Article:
The drag coefficient includes half the surface area of the guy in the suit and a proportionality constant.  Based on his reported time in freefall and an area of 4.3354 square meters I found this to be 1.15, which is actually quite reasonable.

The next issue to deal with in the problem is the air density.  Anybody who's ever been up a tall mountain or a plane ride knows air gets thinner with elevation.  As a result, drag forces are higher near the ground than at the elevation Baumgartner jumped from.  Without that included, we're only left with the beautiful sky, without any interesting math.  So we can expect that Felix's speed went way up, and then it actually decreased until he pulled his parachute at 270 seconds.  Then it really dropped.

There's a ton more I just didn't have time to do.  For example, the drag coefficient is dependent on the velocity and density of the air, the gravitational force decreases as elevation increases, etc, etc.  But I just didn't have time.  Sigh!

Enough of all that.  I drew it out on paper and coded it out in Matlab.  Let's see what it looks like.  First, his position with time:
The scale of this is in tens of thousands of feet, so you can see where he pulls the cord at 270 seconds and about 8400 feet.  At that point, his descent slows way down.  Now, the velocity of the fall:
Two important spots here.  On the right, you can see where his chute deploys.  On the left, you can see where he reached terminal velocity in the upper atmosphere about 50 seconds in.  This was his terminal velocity.  After that, the rising density of the atmosphere continually slowed him down.  Kinda like being married.

As you can see, the model is a little off; the maximum velocity should be closer to 850 feet per second, while I've got him maxing out a little over a thousand.  That is probably due to my crude modeling of gravitational and temperature gradients at high elevation.  What can I say?  There's only so many hours in a Sunday afternoon.  Oh--one last thing.  The modeling on this is highly non-linear, so I saw no way to punch out an analytical solution.  Really, I don't think there is one, but maybe someone out there knows better than I do.
The equations and code are posted here:


Sunday, July 1, 2012

Gagner au Blackjack

         "Mystical explanations are regarded as profound;
         the truth is that they do not even go the length of being superficial."

                                                                   --Nietzsche, The Gay Science 3:126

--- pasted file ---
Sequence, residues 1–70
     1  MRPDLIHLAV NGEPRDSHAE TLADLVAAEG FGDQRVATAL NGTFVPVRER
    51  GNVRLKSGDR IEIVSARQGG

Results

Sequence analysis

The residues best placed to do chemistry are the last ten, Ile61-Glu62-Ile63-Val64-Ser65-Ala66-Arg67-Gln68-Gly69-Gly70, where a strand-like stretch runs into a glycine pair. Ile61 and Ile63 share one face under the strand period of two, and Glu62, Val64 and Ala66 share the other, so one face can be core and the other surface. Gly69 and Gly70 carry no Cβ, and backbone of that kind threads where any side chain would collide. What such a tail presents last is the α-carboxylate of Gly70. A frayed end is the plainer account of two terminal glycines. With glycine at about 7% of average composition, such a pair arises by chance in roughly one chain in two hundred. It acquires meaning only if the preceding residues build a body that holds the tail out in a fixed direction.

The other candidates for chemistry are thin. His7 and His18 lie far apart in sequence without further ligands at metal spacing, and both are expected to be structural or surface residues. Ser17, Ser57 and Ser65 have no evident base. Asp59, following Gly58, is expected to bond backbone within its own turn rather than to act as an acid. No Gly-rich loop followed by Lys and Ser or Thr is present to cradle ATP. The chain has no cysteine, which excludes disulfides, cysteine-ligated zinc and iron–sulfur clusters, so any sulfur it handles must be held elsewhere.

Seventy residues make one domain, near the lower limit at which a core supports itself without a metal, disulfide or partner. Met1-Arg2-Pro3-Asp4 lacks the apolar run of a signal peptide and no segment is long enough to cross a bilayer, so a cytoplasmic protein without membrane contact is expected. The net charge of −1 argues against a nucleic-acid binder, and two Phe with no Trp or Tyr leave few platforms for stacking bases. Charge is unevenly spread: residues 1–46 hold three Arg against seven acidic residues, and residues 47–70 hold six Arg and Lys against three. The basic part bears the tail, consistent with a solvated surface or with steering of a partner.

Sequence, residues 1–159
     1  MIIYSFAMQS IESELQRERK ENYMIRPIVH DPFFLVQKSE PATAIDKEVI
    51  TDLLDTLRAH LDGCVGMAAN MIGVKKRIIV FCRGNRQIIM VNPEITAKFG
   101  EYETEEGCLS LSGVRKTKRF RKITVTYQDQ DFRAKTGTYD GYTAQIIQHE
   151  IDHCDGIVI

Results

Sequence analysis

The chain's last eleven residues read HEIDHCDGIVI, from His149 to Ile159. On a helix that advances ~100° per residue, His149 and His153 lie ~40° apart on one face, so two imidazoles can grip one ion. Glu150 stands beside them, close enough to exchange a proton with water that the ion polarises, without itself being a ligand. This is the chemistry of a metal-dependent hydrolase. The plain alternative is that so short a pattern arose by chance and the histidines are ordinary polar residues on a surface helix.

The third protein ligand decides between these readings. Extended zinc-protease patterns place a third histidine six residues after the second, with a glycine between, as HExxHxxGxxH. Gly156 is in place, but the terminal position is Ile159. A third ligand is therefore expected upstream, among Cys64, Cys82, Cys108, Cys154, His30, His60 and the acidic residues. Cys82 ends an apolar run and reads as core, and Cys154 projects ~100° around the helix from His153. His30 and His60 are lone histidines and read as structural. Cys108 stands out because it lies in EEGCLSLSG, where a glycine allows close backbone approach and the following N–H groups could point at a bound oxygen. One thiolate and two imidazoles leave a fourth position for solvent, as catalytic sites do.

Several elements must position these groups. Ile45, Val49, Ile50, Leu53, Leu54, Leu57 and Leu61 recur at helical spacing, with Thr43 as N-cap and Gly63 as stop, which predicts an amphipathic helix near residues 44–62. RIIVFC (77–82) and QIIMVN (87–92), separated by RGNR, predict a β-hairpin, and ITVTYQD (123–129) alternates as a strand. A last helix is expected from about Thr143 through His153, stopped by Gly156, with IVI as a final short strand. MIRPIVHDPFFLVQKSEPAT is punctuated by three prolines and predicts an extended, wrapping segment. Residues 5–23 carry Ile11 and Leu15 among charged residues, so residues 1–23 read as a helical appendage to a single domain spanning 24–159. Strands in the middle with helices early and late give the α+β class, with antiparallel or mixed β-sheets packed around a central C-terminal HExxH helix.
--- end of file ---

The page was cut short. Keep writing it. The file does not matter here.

I hate my Prius for the reasons it's hard to hate.  The gas mileage is impeccable.  When gas prices go up or down I barely notice it.  Everything in it is electronically guided.  The electronics are well made, and even better programmed.  When I turn the wheel, I feel the same resistance, get the same angle from the tires, and move through every curve identically every time.  Pressing the gas yields the same experience.  The vehicle does exactly what you expect it to do.  Easy driving?  You bet.  To say the transmission is automatic is an understatement.  The gearing is practically continuous: it shifts without you even feeling a thing.  

You can eat, talk on your cellphone, and paint the Mona Lisa while inebriated in your Prius, and do it in perfect safety.  Here's why:

  • The car is so dang responsive that even if you notice an impending collision when there's only one second to impact, you've still got plenty of time to come to a complete stop.
  • Even if you don't avoid the collision, the Prius doesn't weigh anything.  So whatever you hit will be barely scraped.
  • The car might as well be a sled for what it weighs, but I still don't think you can die in it.  It's a moving series of arches--designed to bounce back while preserving survival space.  There are so many airbags, and aircurtains, and air teddy bears pervading the thing...the entire compartment is a cushion waiting to happen. 
 I'd like a car that's challenging to drive and easy to fix.  Controlling the vehicle should require effort and attention--the response should vary as the road varies.  The driver should have to feel the road, guide the machine.  Under the hood, all should be linear.  Electricity should flow through wire from battery to plug.  Fuel should be pumped from tank to injector and out to pressure regulator.  The Prius will have none of this.  All is electronic.  Every part is attached to a board.  Surely easy to repair if you can get the parts.  You can't get the parts.  Sigh...

Here is the trade--a little bit of unpredictability in the drive for predictability in the machine's operation.  In the world of an engineer or an economist, this is the sacred trade-off--instability where it is cheap for stability where it costs.  The Prius does the opposite.  It's the perfect first car for someone who has no interest in knowing anything about how the car works.  The difficulty of vehicle repair may be the greatest hoax ever played in the modern world.  A well-made vehicle is no more than an array of coupled linear systems.  Systems where input a leads to event b and follows inexorably to consequence c.  Easy to understand.  Easy to analyze.  Easy to fix.  A good car should require no more than a socket and screwdriver set.